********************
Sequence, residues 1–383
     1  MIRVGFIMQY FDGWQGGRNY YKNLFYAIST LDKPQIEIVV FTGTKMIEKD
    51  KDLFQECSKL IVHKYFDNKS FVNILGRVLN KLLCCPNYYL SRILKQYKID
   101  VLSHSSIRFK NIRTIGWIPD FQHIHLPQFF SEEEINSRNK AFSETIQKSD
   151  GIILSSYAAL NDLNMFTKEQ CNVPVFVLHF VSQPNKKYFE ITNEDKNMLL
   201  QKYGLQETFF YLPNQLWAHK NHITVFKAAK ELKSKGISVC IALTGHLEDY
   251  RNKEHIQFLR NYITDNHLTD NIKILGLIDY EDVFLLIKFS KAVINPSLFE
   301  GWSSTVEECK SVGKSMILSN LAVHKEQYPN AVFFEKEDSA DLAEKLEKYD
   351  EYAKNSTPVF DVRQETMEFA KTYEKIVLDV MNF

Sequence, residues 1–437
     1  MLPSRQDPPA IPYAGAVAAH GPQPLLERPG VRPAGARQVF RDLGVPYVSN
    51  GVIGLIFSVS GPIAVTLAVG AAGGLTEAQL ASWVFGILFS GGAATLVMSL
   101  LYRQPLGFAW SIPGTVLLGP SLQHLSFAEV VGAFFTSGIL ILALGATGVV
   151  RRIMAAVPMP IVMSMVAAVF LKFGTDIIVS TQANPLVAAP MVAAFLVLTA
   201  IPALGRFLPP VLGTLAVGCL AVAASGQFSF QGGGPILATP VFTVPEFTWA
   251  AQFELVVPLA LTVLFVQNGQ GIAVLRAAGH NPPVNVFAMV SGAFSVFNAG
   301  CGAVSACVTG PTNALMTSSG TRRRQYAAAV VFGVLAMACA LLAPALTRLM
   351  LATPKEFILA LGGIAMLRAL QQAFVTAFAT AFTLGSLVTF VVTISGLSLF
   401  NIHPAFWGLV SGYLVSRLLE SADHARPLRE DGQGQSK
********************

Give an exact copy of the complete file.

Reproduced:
Sequence, residues 1–383
     1  MIRVGFIMQY FDGWQGGRNY YKNLFYAIST LDKPQIEIVV FTGTKMIEKD
    51  KDLFQECSKL IVHKYFDNKS FVNILGRVLN KLLCCPNYYL SRILKQYKID
   101  VLSHSSIRFK NIRTIGWIPD FQHIHLPQFF SEEEINSRNK AFSETIQKSD
   151  GIILSSYAAL NDLNMFTKEQ CNVPVFVLHF VSQPNKKYFE ITNEDKNMLL
   201  QKYGLQETFF YLPNQLWAHK NHITVFKAAK ELKSKGISVC IALTGHLEDY
   251  RNKEHIQFLR NYITDNHLTD NIKILGLIDY EDVFLLIKFS KAVINPSLFE
   301  GWSSTVEECK SVGKSMILSN LAVHKEQYPN AVFFEKEDSA DLAEKLEKYD
   351  EYAKNSTPVF DVRQETMEFA KTYEKIVLDV MNF

Sequence, residues 1–437
     1  MLPSRQDPPA IPYAGAVAAH GPQPLLERPG VRPAGARQVF RDLGVPYVSN
    51  GVIGLIFSVS GPIAVTLAVG AAGGLTEAQL ASWVFGILFS GGAATLVMSL
   101  LYRQPLGFAW SIPGTVLLGP SLQHLSFAEV VGAFFTSGIL ILALGATGVV
   151  RRIMAAVPMP IVMSMVAAVF LKFGTDIIVS TQANPLVAAP MVAAFLVLTA
   201  IPALGRFLPP VLGTLAVGCL AVAASGQFSF QGGGPILATP VFTVPEFTWA
   251  AQFELVVPLA LTVLFVQNGQ GIAVLRAAGH NPPVNVFAMV SGAFSVFNAG
   301  CGAVSACVTG PTNALMTSSG TRRRQYAAAV VFGVLAMACA LLAPALTRLM
   351  LATPKEFILA LGGIAMLRAL QQAFVTAFAT AFTLGSLVTF VVTISGLSLF
   401  NIHPAFWGLV SGYLVSRLLE SADHARPLRE DGQGQSK